Welcome to Studio Saturday! Each week one of our contributors gives you a sneak peek into their studio, creative process or inspirations. We ask a related question of our readers and hope you’ll leave comments! As an incentive we offer a free prize each week to bribe you to use that keyboard. The following week we choose a random winner.
The winner this week is Mimi Gardner of Other Curiosities – Congratulations, you have won a pair of Heather Powers’ fantastic headpins. Email Heather with your address, and she will send those out to you.
This week, we are visiting with Lynn Davis in her studio, where she’s showing how her muse gifted her with flowers.
Here I am in the studio, putting together a jewelry piece from an assortment of pewter emblems, wire and hand dyed costume pearls. And for fun, here’s a little peek at my organization in the roll top desk I’ve been using recently as my jewelry bench.
For a long time, I’ve loved the look of enameled color on medals and medallions.
I racked my brain for ways to get more sparkle, bling and color on the pewter reproductions I’ve been making. I wanted the color to remain authentic to the faux antique look I like so much. Like glass enamel that’s fused onto metal, allowing the light to bounce on the metal and pass back through the color, giving it that glowing, sparking rich color.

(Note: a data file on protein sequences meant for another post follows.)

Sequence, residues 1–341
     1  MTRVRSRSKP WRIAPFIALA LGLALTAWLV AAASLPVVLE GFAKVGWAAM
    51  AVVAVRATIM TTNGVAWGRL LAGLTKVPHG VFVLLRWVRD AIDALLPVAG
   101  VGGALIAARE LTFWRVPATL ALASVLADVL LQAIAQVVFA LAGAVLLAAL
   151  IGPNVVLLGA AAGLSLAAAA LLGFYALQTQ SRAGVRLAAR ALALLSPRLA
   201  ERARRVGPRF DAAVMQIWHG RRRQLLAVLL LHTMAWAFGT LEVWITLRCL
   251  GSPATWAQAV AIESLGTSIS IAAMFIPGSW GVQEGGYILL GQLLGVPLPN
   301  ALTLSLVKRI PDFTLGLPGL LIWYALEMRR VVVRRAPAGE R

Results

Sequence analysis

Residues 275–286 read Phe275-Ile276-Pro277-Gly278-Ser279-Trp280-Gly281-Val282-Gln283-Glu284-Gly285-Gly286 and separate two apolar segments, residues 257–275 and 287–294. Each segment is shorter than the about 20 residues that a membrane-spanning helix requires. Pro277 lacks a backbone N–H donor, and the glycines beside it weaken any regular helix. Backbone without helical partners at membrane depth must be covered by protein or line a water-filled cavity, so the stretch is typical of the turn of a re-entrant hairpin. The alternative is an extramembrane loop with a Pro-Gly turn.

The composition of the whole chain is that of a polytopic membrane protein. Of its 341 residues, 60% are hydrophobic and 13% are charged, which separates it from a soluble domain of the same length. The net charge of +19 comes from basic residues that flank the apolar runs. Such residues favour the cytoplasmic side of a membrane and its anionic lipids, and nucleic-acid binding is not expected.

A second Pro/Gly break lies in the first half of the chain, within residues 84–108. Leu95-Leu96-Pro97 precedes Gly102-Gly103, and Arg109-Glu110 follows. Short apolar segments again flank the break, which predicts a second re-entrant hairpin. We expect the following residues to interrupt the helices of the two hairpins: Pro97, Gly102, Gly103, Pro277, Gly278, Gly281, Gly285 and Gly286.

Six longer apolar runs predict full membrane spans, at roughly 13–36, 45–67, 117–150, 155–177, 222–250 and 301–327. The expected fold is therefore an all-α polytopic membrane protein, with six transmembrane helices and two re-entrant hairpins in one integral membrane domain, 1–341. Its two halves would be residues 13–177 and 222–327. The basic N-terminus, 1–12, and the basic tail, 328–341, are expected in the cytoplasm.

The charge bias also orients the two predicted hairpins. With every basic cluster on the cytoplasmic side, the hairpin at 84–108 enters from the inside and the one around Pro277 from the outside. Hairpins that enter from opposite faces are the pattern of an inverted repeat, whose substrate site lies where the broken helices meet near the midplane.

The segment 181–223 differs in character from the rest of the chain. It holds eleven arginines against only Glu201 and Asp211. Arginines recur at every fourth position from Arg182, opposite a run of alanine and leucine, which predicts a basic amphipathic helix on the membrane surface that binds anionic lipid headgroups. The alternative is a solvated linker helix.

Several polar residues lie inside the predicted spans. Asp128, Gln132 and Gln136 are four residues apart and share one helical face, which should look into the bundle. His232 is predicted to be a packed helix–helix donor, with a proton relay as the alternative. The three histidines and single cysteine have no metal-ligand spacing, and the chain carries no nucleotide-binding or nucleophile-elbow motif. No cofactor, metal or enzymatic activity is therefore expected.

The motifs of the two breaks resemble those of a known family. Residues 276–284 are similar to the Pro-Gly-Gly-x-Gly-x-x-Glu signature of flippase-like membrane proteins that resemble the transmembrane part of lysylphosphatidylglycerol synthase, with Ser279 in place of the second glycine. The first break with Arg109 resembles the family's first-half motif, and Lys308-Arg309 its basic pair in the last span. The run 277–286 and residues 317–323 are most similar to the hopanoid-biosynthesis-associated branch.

I wanted to replicate that look with pewter, to create faux antiques with that same shiny, colorful look.
The real antique french medal this replica was cast from was loaned to me some time ago by a friend, and I like the way it looks in plain patinaed pewter. But I wanted to give it that bright red bling that you see on real, old antique medals.
How, oh how, to get there?
I experimented, tried various things to reproduce that enameled glow.
I kept trying, playing around with color, and finally landed on something that I like.
Then, I had to experiment with charm shapes, to see how I could also apply color to them.
This floral basket charm has a turquoise faux enamel look to the flowers – does look old and antique to you?
I’m pleased with the results, and can’t wait for it to be made up into a very vintage, antique looking design! With two holes at the top and one at the bottom of the basket, I tried to make this blue floral basket easy to design with, to create a wearable design when it’s all finished.
So, if you answer this question, reply in a comment to this post, you will have a chance to be the winner of the turquoise flower basket charm.
Have you had any brainstorms lately, or has an experiment with some new technique paid off? Are you struggling with an idea or image in your mind’s eye, not quite getting the results you wanted – or has your muse smiled on you and granted some of your design wishes and desires?
Do share your story of struggle, success or frustration – you’d be surprised to learn how sometimes it comes hard, and sometimes it seems to come easily! Why do you think that is, I wonder?
Questions posed by Lynn Davis, who needs a new necklace to wear this weekend, better get stringing!